When the sleeping Giant Awakes…..
23 Nov 2007 11:55
They say that when the sleeping giant awakes the world will feel the tremors. As an economic power that was the case with China and since that sleeping giant awoke a few years ago the world is starting to measure the impact on the Richter scale!
By Steve Jaspan
In a hockey context the sleeping giant is India, where hockey is actually the national game of a population of close to 1,1 billion people. India is seriously under performing as a hockey nation and for most people the reasons are abundantly clear. Nor are they significantly different from countless underperforming sports bodies throughout the world. That topic has been discussed at length by many, including me on previous occasions. However, one has to ask why the IOC and FIH with the co-operation of the Sports Authorities in India has embarked on a major project to revitalize Indian Hockey.
Hark back to the glory days when India dominated world hockey and collected Olympic Medals freely. Dyan Chand and his team mates were the giants of world hockey and became legendary figures in India. The nation was transfixed, mesmerized by the brilliance of their team. India’s cricket team’s exploits were virtually submerged under the euphoria surrounding hockey. Even after Partition, in 1947, despite the virtual division of the hockey strength, the brilliance and talent of the Indian team still captured the nation’s attention.
Sadly in recent years there have only been odd successes such as a junior World Cup triumph in Milton Keynes, England, two Asian Cup triumphs and wonderfully, the Women’s team’s gold in the 2002 Commonwealth Games in Manchester. However, for some 40 years, victory at the Olympics or World Cup has eluded the slumbering hockey giant.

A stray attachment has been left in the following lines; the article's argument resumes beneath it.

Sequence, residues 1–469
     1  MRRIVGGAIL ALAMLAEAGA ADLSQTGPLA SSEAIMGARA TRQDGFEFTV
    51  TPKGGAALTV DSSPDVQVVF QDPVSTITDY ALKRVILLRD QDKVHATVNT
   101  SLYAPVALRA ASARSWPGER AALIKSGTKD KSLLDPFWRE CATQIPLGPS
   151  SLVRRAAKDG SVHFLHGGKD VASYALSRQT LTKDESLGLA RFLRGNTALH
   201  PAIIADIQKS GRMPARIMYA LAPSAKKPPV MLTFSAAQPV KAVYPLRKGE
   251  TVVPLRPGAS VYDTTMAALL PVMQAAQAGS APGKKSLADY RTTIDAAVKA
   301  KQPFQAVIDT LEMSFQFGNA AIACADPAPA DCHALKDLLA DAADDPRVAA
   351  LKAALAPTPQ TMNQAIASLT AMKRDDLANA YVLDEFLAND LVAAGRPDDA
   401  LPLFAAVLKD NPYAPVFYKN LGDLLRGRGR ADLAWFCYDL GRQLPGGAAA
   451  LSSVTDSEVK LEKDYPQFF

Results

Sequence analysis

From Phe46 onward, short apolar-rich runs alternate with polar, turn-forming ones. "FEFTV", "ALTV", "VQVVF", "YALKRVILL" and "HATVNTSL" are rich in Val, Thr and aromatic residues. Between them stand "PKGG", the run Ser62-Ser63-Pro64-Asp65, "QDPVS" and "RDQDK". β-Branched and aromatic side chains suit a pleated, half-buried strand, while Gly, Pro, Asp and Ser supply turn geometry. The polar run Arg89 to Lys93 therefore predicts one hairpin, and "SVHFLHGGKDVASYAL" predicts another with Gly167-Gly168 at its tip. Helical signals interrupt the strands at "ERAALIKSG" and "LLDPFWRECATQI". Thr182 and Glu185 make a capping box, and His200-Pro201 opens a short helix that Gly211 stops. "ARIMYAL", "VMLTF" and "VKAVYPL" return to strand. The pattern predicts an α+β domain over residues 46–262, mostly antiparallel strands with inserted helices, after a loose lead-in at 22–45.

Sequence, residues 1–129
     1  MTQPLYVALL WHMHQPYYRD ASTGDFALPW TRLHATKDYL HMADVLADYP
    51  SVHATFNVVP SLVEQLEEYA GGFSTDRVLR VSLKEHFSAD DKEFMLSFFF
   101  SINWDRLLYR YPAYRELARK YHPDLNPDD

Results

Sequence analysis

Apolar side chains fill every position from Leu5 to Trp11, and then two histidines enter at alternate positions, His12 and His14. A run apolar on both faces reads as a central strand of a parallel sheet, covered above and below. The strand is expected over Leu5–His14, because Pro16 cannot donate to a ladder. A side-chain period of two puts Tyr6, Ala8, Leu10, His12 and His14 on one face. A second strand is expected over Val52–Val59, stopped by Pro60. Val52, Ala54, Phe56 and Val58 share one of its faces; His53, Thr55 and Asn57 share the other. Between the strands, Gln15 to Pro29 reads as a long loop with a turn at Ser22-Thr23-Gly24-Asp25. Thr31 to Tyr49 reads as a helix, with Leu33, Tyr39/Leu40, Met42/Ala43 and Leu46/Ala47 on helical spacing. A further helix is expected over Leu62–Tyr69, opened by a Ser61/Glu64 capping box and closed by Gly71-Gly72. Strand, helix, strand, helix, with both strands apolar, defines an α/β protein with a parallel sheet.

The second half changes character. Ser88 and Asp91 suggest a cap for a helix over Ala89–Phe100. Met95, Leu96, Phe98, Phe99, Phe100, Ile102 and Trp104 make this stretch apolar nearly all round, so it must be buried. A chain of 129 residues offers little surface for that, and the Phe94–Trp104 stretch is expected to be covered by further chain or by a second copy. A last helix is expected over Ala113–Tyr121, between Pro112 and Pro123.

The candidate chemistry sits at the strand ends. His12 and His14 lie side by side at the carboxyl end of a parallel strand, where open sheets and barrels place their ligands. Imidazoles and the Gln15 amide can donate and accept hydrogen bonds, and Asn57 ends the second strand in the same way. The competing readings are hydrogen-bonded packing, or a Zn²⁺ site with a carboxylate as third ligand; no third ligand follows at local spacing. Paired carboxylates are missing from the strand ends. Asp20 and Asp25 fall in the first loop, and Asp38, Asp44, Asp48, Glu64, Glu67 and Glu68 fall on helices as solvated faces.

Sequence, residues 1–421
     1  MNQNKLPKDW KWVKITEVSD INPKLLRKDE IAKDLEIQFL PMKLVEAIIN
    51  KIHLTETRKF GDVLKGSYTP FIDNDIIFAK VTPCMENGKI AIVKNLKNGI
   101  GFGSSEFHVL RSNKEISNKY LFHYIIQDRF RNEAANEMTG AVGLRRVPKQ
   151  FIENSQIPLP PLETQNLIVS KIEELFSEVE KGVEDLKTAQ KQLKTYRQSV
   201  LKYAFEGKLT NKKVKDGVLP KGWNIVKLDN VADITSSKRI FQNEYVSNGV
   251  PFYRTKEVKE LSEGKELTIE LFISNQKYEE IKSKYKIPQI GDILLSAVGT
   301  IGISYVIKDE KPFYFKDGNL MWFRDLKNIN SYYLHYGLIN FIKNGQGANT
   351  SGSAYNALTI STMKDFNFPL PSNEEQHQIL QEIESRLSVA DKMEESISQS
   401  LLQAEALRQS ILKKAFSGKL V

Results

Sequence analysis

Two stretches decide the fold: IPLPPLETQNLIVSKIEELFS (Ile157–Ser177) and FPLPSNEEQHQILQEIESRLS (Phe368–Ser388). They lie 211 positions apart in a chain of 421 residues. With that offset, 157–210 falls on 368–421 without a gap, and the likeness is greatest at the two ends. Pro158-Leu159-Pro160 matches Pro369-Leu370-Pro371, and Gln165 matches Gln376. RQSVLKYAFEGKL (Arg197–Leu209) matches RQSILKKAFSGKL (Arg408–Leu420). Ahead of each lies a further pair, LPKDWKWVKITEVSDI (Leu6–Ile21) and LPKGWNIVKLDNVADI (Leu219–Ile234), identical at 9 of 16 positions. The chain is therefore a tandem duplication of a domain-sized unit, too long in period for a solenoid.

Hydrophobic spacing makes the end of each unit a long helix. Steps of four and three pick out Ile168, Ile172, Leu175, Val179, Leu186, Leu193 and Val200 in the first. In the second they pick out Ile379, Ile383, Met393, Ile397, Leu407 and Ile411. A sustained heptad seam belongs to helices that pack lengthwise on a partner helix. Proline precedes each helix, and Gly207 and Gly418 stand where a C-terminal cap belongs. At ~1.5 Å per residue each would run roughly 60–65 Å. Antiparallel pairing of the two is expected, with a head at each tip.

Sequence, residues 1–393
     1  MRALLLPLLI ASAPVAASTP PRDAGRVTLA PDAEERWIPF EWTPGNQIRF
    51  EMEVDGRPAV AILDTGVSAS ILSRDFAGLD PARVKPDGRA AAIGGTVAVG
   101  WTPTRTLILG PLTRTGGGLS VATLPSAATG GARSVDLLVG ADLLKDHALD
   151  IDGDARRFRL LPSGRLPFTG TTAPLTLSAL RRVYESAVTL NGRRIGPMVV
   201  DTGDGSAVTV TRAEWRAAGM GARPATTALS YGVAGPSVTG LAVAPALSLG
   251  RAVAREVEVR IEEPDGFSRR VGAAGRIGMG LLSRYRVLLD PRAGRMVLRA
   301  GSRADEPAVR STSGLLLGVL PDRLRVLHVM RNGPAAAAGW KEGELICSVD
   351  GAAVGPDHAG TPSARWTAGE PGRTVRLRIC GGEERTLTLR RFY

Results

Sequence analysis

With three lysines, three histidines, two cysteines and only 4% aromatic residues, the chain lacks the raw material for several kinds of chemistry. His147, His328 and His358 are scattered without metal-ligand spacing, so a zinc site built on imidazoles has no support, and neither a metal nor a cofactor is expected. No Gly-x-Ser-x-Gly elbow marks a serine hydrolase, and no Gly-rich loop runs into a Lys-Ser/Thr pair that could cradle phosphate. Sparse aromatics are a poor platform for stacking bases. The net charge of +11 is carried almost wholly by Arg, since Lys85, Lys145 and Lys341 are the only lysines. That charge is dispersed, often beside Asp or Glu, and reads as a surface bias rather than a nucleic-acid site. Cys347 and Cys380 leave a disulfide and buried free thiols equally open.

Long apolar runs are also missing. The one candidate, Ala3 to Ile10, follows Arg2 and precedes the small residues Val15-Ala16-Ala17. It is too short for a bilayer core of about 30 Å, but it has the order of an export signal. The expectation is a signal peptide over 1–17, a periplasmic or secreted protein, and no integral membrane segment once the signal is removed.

In the meantime the Indian cricket teams exploits, especially winning the World T20 Cricket Cup, has created a media frenzy. India and Asia have become premier television markets with massive audiences. Sonia Mirza, Leander Paes, Mahesh Buphati have raised the profile of tennis in India. Top golfers such as Jeev Milka Singh have awakened India’s golf appetite.
So there is good sense in assisting Indian hockey to restore its glory and have India and the world once again focus on Indian Hockey and the brilliance of its players. It is so important for World hockey that India and Pakistan challenge the dominance of Australia, Netherlands and Germany in men’s hockey and the Indian women’s hockey team challenges the World Top 6.
The announcement that Ric Charlesworth, one of the most successful players and coaches in the history of hockey and an incredibly innovative and incisive thinker, will help with the restructuring of Indian hockey and to facilitate coaching programmes to unlock the potential is exciting news.
The granting of the 2010 Men’s World Cup to New Delhi subject to compliance with certain criteria is a catalyst and important target – a beacon – along the road to the renaissance. This will be followed a few months later by the Commonwealth Games at the newly constructed National Stadium in the same city. This will give added impetus to the process.
The hockey world will watch developments with keen interest and anyone who loves the game must be hoping the initiatives prove successful!